Are we not challenging our students enough, or are opportunities not available? Many are wondering which is the case in the state of Oregon.
According to a U.S. Department of Education civil rights survey released last week, out of 4,000 African-American high school students in Oregon between 2009 and 2010, only somewhere between seven and 35 Black students took a calculus course.
Of the 50 schools that had at least 25 African-American students, only seven had any Blacks enrolled in calculus class. None of them had more than five Black students take the course.
It definitley makes one question: Why such the large disparity? Though in Oregon most students are not taking the course, many colleges, especially top-notch schools, prefer for the it to be taken before entering higher education.
"A strong academic foundation in high school both improves your odds of getting into MIT and will help you make the most of the Institute when you're here. We recommend that your high school years include...math through calculus," says MIT’s admission page.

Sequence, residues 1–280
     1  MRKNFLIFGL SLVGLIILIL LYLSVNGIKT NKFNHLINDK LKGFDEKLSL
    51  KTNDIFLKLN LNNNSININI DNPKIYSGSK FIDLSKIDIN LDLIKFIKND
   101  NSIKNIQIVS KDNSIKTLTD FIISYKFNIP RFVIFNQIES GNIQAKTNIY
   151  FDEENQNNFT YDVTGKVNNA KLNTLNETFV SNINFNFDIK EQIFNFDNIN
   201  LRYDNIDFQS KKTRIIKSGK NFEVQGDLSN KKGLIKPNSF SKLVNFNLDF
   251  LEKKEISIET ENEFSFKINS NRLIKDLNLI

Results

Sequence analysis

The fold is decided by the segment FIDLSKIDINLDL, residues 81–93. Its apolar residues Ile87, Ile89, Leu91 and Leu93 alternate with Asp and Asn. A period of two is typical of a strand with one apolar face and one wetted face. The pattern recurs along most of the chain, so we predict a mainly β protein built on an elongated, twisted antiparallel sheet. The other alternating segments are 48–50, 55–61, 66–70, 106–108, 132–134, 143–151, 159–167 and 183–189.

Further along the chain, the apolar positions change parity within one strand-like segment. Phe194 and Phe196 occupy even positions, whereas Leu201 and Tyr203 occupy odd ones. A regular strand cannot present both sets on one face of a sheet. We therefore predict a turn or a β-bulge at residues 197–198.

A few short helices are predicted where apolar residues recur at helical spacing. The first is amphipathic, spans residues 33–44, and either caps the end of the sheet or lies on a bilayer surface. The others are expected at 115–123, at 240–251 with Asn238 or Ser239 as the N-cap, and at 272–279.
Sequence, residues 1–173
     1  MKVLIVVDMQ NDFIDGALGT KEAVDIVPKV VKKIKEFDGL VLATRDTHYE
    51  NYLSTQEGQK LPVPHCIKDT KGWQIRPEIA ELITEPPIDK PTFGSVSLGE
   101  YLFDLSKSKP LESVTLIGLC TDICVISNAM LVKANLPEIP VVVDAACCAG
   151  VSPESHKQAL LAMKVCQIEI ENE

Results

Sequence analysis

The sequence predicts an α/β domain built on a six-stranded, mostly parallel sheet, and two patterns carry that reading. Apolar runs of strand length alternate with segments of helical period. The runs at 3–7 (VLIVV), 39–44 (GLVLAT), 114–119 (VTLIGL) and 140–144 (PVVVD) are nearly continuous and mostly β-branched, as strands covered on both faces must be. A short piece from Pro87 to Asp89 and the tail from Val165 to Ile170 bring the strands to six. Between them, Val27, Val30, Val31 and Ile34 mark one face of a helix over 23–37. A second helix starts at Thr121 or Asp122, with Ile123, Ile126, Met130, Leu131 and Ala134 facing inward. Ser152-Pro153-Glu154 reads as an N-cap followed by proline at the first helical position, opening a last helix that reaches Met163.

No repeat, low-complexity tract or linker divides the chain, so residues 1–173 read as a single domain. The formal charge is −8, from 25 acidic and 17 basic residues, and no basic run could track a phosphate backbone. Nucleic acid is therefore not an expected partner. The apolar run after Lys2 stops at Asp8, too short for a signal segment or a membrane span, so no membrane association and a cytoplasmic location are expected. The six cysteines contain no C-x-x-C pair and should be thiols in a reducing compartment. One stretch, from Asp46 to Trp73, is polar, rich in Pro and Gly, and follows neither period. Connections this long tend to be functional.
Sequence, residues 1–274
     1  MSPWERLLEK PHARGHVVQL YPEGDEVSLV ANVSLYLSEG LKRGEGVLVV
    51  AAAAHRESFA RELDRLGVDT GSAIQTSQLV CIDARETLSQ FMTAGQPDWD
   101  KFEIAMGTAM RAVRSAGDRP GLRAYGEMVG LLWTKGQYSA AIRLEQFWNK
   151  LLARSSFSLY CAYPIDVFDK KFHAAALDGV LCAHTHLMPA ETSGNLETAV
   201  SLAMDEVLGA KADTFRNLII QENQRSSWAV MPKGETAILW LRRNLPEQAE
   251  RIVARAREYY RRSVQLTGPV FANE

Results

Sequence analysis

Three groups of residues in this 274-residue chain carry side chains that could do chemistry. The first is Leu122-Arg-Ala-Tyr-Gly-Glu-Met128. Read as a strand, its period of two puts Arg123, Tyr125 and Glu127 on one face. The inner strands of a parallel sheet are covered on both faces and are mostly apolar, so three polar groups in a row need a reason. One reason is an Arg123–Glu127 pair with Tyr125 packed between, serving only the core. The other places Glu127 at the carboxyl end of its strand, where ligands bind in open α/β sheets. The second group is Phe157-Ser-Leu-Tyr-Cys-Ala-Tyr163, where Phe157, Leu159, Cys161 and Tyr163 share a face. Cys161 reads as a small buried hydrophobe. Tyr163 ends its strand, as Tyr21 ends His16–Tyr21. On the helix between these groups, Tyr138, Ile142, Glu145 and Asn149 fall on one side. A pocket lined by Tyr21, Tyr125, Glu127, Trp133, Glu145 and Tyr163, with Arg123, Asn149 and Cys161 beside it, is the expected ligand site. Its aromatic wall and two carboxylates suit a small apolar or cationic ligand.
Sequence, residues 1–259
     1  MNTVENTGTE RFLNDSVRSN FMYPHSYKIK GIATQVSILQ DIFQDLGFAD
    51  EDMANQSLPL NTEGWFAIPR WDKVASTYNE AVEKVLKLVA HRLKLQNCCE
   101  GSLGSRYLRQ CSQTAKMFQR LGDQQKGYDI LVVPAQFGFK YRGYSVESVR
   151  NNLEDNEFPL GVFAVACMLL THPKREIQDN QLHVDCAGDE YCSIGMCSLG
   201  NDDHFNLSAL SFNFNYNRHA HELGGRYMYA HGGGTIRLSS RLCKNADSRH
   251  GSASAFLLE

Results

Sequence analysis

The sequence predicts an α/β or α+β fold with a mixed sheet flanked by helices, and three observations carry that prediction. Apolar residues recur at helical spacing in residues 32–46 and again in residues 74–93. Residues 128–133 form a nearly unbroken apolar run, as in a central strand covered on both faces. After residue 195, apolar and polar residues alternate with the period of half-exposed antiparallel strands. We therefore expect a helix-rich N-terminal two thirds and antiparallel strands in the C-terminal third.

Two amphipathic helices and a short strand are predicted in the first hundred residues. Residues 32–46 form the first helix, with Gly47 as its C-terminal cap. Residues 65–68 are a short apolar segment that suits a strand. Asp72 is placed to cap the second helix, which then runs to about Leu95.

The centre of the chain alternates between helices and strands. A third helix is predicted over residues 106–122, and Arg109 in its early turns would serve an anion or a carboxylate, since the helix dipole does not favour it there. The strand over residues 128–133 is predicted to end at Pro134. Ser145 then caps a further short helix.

“If you are well-versed in algebra, functions and graphing, secondary-school calculus will enable you to take more advanced introductory courses in mathematics, physics and chemistry in college,” says Harvard University’s admission website.
Not only is a strong math education important to many colleges, but to the White House also. In 2010, President Obama directed $250 million public-private dollars to increase the number and quality of science and math teachers.
Unfortunately, in Oregon it seems as if the number of calculus classes offered is not the problem. Portland Oregon’s Grant High has 375 students, the largest Black enrollment of any Oregon high school. Though they offer calculus classes, there were zero Black students enrolled that year.
Currently electrical engineering is the highest median earning degree for African-Americans with a bachelor degree. At the University of Michigan, one of the top-ranking engineering schools in the country, however, a total of five calculus college-level classes must be passed in order to graduate with an engineering degree.
District leaders say they are working hard to reverse the racial inequalities African-American students in Oregon are facing.
(Photo: Baltimore Sun/MCT/Landov)
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